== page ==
'Long After Tonight' is an award-winning film by Matt Stokes that draws on Dundee's history as the home of a strong Northern Soul scene. It documents a specially organised Northern Soul event held at 'Sallys' (St Salvador's Church in the Hilltown), a venue that was used during the 1970s for some of the City's first 'Northern' nights. This atmospheric film subtly connects the religious iconography of the church with the faith and passion required of the dance participants to keep their Northern Soul subculture alive. Premiered to widespread acclaim in 2005, this is the first time that the film has been shown since it was purchased by Dundee Art Galleries and Museums. It will be shown alongside original material from the Northern Soul scene.

Matt Stokes
Long After Tonight (Still), 2005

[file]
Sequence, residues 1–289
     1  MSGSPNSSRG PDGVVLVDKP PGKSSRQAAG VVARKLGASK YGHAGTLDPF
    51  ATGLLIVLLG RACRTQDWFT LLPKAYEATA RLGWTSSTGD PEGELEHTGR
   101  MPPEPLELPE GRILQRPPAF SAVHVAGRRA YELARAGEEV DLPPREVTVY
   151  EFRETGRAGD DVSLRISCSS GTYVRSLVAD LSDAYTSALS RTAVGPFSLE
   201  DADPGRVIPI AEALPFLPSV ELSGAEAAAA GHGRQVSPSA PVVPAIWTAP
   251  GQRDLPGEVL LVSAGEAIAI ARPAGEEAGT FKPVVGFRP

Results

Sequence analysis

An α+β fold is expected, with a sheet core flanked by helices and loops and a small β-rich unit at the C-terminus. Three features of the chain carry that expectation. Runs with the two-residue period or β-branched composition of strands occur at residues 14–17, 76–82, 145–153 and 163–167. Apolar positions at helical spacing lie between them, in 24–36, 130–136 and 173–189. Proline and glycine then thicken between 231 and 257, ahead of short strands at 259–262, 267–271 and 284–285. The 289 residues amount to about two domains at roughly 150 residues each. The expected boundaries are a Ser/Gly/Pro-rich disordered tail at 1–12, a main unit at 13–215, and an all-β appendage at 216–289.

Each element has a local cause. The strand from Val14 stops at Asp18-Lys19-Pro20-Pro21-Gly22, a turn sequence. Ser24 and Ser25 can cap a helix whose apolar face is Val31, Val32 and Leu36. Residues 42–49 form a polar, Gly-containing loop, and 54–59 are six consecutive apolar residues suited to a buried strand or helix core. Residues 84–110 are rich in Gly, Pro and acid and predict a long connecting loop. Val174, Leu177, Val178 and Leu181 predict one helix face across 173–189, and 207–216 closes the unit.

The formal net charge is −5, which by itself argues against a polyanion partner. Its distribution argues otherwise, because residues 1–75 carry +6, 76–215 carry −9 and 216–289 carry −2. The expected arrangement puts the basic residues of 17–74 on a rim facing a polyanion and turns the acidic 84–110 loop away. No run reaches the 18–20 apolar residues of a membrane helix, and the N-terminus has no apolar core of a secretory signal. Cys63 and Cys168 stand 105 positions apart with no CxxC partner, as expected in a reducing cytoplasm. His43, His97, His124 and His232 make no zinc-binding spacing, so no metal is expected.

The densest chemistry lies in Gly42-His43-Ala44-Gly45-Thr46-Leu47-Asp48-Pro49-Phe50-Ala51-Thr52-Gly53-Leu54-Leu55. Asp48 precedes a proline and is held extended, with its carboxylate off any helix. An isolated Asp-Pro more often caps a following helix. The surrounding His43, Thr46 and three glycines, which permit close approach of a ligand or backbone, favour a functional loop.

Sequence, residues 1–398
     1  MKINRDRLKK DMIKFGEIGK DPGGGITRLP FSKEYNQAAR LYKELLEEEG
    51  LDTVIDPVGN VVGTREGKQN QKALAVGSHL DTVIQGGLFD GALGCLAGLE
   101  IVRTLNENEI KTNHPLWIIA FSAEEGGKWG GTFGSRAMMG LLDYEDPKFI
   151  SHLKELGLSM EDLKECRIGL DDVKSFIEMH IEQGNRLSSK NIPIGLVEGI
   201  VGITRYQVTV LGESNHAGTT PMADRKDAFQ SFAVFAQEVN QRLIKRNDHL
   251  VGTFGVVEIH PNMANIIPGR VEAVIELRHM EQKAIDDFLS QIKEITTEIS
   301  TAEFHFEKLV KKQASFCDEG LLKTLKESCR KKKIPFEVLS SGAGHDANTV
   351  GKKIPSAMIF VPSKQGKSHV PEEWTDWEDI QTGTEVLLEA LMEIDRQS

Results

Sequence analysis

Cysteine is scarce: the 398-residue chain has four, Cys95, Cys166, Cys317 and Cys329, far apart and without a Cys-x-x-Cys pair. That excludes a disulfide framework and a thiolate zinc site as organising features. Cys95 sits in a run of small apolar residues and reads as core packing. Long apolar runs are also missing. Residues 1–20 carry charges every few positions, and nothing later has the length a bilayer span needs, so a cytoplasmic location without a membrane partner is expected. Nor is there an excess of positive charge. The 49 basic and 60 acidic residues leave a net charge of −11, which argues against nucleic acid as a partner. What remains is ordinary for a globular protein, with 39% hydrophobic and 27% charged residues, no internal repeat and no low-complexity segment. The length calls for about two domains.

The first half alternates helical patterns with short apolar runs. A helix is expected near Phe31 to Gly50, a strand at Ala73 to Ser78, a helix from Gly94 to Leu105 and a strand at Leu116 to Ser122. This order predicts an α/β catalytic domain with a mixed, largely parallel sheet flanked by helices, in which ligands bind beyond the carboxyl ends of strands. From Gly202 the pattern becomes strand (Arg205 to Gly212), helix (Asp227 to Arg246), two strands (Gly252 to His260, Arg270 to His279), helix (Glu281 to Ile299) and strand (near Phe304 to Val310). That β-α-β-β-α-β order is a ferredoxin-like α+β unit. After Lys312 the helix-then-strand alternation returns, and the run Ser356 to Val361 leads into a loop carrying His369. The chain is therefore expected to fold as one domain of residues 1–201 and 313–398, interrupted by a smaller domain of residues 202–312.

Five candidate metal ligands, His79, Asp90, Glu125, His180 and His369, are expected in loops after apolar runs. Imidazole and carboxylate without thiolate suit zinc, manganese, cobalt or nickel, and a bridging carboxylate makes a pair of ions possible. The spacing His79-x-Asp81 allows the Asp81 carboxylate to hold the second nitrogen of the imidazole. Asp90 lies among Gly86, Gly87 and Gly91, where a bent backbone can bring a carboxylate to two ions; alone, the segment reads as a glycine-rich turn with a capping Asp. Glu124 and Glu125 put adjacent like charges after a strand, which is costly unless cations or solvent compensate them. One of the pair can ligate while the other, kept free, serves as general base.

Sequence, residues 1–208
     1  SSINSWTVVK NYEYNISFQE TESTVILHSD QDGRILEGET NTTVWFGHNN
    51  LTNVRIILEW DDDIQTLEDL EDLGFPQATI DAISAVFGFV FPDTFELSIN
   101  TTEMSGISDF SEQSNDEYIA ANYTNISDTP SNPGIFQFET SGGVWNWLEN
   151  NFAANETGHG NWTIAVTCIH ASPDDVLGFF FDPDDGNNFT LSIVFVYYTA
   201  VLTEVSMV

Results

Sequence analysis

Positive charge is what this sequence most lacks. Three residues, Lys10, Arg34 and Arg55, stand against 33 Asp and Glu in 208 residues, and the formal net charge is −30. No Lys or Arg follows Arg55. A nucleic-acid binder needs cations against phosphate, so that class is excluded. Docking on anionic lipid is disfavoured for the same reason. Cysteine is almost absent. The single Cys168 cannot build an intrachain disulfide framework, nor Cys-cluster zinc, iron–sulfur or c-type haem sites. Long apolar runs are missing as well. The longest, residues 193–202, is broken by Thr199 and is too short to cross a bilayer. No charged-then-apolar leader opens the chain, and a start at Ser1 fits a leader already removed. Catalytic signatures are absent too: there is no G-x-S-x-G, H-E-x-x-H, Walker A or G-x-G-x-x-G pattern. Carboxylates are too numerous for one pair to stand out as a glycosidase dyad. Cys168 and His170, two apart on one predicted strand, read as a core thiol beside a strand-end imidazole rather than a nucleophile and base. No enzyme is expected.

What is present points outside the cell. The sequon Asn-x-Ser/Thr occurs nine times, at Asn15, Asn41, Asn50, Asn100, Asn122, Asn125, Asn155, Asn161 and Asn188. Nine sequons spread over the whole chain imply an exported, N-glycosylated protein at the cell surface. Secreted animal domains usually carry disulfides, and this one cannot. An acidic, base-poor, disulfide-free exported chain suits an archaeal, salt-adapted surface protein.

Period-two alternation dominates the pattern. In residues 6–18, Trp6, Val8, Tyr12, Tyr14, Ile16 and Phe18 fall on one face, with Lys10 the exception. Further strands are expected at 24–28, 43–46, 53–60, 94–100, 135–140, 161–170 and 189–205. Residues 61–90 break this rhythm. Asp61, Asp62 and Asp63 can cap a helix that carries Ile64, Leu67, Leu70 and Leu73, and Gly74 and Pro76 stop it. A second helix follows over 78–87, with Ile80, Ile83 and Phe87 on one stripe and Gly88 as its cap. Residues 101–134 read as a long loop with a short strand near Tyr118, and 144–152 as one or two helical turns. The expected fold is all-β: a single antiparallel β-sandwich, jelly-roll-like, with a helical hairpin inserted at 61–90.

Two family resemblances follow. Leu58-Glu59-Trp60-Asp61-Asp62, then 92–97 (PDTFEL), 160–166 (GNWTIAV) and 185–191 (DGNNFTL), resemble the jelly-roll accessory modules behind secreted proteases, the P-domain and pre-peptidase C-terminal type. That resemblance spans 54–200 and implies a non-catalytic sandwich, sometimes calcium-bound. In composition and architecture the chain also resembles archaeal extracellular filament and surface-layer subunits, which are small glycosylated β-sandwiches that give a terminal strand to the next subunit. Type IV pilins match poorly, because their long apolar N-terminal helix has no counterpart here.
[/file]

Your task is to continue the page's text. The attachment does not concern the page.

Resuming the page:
Super 16mm Film and Audio transferred to DVD
6 min 45 sec
Courtesy of the artist and Workplace Gallery, UK

Thursday, May 26, 2011

Catherine Bertola: "Personal Tempest" Neue Galerie, Innsbruck, Austria

Personal Tempest

Bas Jan Ader
Conrad Atkinson
Eija-Liisa Ahtila
Catherine Bertola
Matthew Buckingham
Rachel Goodyear
Roni Horn
Claire Sherman
Lois Weinberger

Curated by Tereza Kotyk

Neue Galerie, Innsbruck , Austria

Opening: Wednesday, 25 May 2011 at 19.00
Duration: 26.05. - 09/07/2011
Tue - Fri 10:00 to 12:00, 14.00 - 18.00, Sat 11:00 to 17:00

The exhibition Personal Tempest explores how our inner state of mind can be affected by natural phenomena, and how at times these effects can develop into a 'personal tempest' - a 'storm' of confused, eerie and uncomfortable feelings. Mirrored in imaginary accounts and personal testimony, the show explores this romantic motif through paintings, drawings, video installations, and photographs. Based on Thomas Bernhard's book ' Amras' and Emily Brontë's novel ' Wuthering Heights', Personal Tempest combines historical and contemporary approaches with poetic storytelling and conceptual presentations.